I Think I'm Jealous...or Maybe It's Just Tight Pants
I just got an email from my day job that a very distinguished physician will be giving a lecture on campus, and will also be signing copies of his book, The Emperor of All Maladies. Naturally I rushed to find out about the book. As follows:
- it's a screaming success
- and was just copyrighted last year
- and has gotten rave reviews in the New Yorker, O the Oprah Magazine, The Washington Post among others
- was named one of the "ten best books of the year" by The New York Times
- and was written by a doctor
- a doctor?
- a d-o-c-t-o-r??
- is God joking or what?
Yes, the doctor is prestigious. But this is a book about cancer, man. Try to find a more depressing subject, I dare you. Just try. So, the way the publishing world works is: a doctor, who can't even write a legible prescription, gets an other-worldly book deal from a major publisher (Scribner) and the book is featured f*cking EVERYWHERE and the rich get richer. If I pitched a book about cancer to a publisher, I would be told, "Forget it, kid, who the hell wants to read a book about cancer?"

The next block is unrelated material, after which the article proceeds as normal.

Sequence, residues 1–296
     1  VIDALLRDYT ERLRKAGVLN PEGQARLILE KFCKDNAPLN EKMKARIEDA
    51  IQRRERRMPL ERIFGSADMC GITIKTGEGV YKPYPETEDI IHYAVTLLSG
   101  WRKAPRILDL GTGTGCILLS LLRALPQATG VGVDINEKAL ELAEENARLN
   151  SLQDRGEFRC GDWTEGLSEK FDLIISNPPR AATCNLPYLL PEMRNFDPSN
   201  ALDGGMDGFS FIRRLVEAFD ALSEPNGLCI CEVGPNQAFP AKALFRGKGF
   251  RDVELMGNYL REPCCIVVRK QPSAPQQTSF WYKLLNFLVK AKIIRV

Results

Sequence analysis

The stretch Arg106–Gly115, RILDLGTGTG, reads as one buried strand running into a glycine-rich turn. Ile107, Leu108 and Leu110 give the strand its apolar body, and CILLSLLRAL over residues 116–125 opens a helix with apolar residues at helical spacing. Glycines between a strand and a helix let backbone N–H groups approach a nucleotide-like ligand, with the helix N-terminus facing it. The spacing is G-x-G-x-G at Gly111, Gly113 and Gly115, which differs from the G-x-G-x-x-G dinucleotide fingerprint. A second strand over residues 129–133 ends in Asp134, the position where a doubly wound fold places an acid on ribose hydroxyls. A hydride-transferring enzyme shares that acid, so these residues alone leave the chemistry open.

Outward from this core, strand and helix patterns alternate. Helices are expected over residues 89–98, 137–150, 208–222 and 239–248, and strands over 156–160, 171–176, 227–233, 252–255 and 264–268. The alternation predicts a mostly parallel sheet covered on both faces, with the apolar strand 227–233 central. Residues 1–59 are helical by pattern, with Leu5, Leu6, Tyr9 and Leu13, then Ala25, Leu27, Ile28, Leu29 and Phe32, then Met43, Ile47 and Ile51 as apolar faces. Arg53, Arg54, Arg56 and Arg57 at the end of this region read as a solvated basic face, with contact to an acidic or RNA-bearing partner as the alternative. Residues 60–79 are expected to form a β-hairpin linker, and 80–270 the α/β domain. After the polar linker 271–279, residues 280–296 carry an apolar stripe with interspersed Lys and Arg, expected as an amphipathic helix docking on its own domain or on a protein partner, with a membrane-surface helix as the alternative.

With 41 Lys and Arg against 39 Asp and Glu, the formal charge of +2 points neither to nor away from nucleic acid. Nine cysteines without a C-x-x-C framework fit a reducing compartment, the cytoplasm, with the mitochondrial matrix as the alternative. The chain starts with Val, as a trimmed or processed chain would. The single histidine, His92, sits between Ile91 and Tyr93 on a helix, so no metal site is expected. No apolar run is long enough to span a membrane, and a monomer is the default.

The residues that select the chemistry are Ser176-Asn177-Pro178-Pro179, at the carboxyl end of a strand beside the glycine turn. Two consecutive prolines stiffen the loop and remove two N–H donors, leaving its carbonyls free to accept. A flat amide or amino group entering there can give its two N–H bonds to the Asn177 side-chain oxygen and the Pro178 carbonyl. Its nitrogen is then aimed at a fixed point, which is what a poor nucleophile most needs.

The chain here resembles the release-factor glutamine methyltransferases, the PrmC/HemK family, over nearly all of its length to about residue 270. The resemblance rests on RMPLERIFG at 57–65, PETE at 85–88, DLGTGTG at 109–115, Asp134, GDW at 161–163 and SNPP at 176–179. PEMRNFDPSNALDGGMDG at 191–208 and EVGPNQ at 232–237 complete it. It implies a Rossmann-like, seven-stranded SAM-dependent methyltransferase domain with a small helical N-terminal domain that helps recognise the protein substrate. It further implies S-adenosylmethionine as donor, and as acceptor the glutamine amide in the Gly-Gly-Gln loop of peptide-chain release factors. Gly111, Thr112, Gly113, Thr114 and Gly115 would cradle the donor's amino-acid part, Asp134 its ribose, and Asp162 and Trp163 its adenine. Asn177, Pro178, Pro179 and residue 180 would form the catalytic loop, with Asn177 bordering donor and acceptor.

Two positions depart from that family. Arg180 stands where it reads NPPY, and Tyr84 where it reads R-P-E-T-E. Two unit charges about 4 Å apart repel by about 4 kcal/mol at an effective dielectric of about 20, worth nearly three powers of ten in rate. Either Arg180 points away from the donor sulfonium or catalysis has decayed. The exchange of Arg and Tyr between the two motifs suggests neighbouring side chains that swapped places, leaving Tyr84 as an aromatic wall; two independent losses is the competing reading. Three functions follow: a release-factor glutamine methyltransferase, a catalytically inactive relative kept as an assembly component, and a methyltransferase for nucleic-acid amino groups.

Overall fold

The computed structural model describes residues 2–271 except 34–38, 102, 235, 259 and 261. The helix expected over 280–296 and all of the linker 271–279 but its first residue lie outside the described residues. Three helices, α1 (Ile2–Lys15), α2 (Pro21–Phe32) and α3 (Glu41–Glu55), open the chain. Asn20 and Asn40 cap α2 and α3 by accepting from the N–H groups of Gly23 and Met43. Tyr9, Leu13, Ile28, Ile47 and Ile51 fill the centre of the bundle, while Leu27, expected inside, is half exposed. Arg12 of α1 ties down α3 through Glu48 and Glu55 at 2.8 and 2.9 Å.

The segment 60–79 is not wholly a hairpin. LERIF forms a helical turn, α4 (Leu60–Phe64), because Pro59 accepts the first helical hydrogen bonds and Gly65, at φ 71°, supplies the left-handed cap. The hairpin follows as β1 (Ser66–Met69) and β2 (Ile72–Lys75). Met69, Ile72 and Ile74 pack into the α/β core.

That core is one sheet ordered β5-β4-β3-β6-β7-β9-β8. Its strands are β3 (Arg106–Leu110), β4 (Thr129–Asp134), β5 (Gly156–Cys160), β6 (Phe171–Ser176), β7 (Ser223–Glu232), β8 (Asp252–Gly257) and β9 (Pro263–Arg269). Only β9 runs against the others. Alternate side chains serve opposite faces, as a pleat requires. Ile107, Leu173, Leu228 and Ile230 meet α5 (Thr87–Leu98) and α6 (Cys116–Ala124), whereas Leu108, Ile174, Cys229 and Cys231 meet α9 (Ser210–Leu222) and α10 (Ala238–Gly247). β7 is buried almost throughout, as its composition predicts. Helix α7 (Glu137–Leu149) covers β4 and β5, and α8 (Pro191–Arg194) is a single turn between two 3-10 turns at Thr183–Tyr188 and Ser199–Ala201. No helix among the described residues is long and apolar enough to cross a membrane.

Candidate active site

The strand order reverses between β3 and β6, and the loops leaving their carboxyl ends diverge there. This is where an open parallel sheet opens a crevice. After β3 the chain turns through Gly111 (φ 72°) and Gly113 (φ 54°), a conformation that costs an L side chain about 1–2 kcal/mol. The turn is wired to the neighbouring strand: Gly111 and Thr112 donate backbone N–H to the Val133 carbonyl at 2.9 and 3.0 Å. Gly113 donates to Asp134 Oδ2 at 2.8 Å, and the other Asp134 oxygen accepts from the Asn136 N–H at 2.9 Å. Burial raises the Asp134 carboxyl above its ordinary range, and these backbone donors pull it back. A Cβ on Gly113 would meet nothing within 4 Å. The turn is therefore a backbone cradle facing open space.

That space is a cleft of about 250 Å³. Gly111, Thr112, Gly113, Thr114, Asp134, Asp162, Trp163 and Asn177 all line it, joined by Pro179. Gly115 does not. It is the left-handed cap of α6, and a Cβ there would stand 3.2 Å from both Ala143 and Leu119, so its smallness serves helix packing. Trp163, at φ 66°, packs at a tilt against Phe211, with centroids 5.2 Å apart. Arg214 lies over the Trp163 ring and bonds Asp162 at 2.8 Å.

- it ain't fair
- what else is new
- I wanna be the doctor's ghost writer (hey, I'm not too proud for crumbs)
- to be honest, it's probably a great book
- I hear it's scholarly
- which turns off everyone but me, I read medical books to relax
- I'm probably going to buy this book
- and like it
- and that's just not fair.
Well...what the hell. At least the good doctor stuck to what he knows. When doctors start writing novels, I'm gonna start shooting. Or stab myself in the eyeball, it's the least I could do.
Maybe I could send the eyeball to the doctor, and he could fix it. And then I could write a book about it...oh, for heaven's sake.